Mini Review: ‘The Inheritance of Loss’, by Kiran Desai

TheInheritanceOfLoss

I mentioned in a previous review that some books make me cry. This was one of them. I was on the tube when I read the last line, felt the heat rushing into my face and had to stare unblinkingly at an advertisement for insurance or toothpaste or a dating website while I silently struggled to compose myself. It’s is a tragic book, bristling with anger and injustice; it’s profound, beautiful, achingly sad, but also very funny, at times. I’ll never forget the line, ‘No fruit dies so vile and offensive a death as the banana.’ Just brilliant. I tend to rate books based on beauty and feelings and I often fail to recognise structural issues or plot holes unless I’m reading with the intention of finding them. Because of this, criticism sometimes makes me think, ‘Well, yes, that wasn’t perfect, I suppose, but does it matter?’ It doesn’t work this way when I have my editor hat on, of course, but I wasn’t wearing that hat when I read this book; I just let myself get lost in it, and I think it’s very, very good — a deserving winner of the Man Booker prize. That’s my humble opinion.

Verdict: Read it, absolutely.

Advertisements

Mini Review: ‘MaddAddam’, by Margaret Atwood

MaddAddam
 
It pains me to say it, but I didn’t enjoy this one as much as I enjoyed the other two in the series (‘Oryx and Crake’ and ‘The Year of the Flood’). There was plenty of Atwood’s characteristic brilliance, but the book as a whole seemed to depend too much on the other two; it was set on filling in gaps rather than exploring new ground, and many of the characters were little more than names if you didn’t remember them from before. Indeed, part of the problem might have been the time that passed between my readings. I should’ve re-read the first two in anticipation of the third one, but I didn’t. The difficulty with being Margaret Atwood is that your books are always going to be compared to other books by Margaret Atwood, which is an impossible standard to meet over and over again… and criticism might seem unfair when you consider that the book is still better than the majority of books out there. All that aside, Zeb’s tale was highly entertaining and the Crakers were, are and always will be one of my favourite speculative creations. Blackbeard (and his relationship with Toby) holds the book together.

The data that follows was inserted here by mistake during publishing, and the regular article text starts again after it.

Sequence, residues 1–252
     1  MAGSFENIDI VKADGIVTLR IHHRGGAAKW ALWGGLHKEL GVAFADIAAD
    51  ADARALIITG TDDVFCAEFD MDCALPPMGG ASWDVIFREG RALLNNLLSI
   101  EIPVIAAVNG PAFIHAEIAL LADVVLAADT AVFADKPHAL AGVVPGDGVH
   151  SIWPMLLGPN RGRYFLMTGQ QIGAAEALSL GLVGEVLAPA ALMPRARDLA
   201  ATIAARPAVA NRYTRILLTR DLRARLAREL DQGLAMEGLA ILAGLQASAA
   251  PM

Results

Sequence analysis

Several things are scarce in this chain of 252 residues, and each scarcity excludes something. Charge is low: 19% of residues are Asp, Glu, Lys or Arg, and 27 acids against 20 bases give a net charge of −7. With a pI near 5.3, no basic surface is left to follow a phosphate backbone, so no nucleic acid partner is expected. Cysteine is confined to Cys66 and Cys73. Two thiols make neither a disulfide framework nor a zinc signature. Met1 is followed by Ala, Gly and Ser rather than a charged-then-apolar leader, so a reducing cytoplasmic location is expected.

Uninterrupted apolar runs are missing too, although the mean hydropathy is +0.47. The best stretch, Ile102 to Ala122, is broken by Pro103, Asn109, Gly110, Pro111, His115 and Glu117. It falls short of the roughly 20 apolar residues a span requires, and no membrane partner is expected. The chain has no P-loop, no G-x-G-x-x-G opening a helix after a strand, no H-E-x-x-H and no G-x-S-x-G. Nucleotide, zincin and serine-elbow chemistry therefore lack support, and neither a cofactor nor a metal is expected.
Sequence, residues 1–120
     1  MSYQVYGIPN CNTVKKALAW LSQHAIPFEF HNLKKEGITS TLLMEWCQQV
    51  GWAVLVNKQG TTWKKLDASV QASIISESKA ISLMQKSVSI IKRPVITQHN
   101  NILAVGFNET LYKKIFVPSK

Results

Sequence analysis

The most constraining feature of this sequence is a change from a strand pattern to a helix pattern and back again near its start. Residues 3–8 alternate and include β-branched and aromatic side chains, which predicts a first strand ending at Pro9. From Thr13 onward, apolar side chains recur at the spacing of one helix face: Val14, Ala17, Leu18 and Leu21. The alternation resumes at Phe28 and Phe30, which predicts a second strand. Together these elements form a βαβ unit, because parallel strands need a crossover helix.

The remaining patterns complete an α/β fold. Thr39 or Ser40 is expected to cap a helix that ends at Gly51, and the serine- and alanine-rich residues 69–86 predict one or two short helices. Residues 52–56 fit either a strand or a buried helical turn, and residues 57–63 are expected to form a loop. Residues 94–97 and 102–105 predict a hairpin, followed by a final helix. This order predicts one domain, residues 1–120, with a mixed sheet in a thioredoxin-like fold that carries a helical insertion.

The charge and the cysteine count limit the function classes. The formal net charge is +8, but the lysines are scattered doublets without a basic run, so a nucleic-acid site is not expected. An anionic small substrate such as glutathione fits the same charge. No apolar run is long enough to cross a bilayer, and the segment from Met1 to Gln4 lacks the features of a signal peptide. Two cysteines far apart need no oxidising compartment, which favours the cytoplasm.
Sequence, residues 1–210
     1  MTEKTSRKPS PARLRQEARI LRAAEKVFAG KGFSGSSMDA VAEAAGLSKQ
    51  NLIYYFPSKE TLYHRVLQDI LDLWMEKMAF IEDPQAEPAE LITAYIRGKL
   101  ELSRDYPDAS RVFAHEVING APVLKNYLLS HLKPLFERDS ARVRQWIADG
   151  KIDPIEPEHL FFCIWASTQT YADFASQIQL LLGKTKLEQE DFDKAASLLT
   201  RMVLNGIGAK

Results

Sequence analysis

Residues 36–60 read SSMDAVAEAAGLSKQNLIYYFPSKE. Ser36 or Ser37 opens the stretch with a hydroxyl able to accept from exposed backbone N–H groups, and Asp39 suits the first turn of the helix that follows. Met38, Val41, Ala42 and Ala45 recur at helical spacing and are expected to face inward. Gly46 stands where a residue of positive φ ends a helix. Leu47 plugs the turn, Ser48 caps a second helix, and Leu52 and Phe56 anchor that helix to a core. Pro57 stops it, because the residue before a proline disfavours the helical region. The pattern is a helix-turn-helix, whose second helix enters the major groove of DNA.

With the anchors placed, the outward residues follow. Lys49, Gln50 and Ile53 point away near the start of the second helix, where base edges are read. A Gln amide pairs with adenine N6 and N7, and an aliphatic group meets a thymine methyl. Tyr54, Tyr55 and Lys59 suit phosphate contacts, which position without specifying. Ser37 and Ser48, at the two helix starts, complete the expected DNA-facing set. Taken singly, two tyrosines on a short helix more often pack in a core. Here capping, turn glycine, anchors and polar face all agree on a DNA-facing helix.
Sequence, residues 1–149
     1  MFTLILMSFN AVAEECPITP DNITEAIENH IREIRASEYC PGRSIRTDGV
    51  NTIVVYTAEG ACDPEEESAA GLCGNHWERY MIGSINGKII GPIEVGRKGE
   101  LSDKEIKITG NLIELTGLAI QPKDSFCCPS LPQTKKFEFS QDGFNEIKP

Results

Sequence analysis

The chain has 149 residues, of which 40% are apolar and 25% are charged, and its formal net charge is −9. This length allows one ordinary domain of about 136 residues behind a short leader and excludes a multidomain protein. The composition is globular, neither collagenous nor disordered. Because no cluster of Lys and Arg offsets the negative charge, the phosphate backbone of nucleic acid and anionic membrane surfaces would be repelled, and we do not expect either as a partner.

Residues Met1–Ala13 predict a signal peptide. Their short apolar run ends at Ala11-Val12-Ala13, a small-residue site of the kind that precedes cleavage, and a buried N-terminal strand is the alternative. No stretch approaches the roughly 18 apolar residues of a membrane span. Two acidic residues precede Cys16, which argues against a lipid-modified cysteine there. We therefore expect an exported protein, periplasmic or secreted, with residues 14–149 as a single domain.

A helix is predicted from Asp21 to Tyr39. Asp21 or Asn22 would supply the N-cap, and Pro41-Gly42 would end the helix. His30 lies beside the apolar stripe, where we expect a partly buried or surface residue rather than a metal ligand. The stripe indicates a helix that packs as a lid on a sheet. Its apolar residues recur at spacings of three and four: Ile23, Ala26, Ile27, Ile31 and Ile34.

Verdict: I’d never advise against reading Atwood! Read the first two, then read this one, then let me know what you think.

 

Mini Review: ‘Vurt’, by Jeff Noon

Vurt

This book is a psychedelic roller coaster of beautiful and hideous magic. Set in a gritty, mad and fucked-up imagining of Manchester, people (which is a complex term, given the presence of humanoid dogs, shadow folk, robots and various hybrids) embark upon shared virtual reality drug trips induced by tickling the back of the throat with colour-coded feathers. These are more than just trips though; people can get lost in the Vurt, and this is what has happened to Scribble’s sister/lover Desdemona. Now he wants to go back into a rare and dangerous Vurt to save her. There’s incest, bestiality, a bit of extremely wild driving under the influence, a couple who are fused to each other by their dreadlocks,  a muttering and tentacled alien blob creature that is practically made out of hallucinogenic drugs… If offered one of the feathers, I’m not sure if I’d flush it immediately down the loo while wearing rubber gloves and a face mask, or if I’d put it directly into my mouth. I guess it would depend on the colour. I’d like to think I’m wise enough to avoid the yellow ones, and yet… I don’t want to know, but I do!

Verdict: Why are you not already reading this?

Mini Review: ‘The Casual Vacancy’, by J.K. Rowling

TheCasualVacancy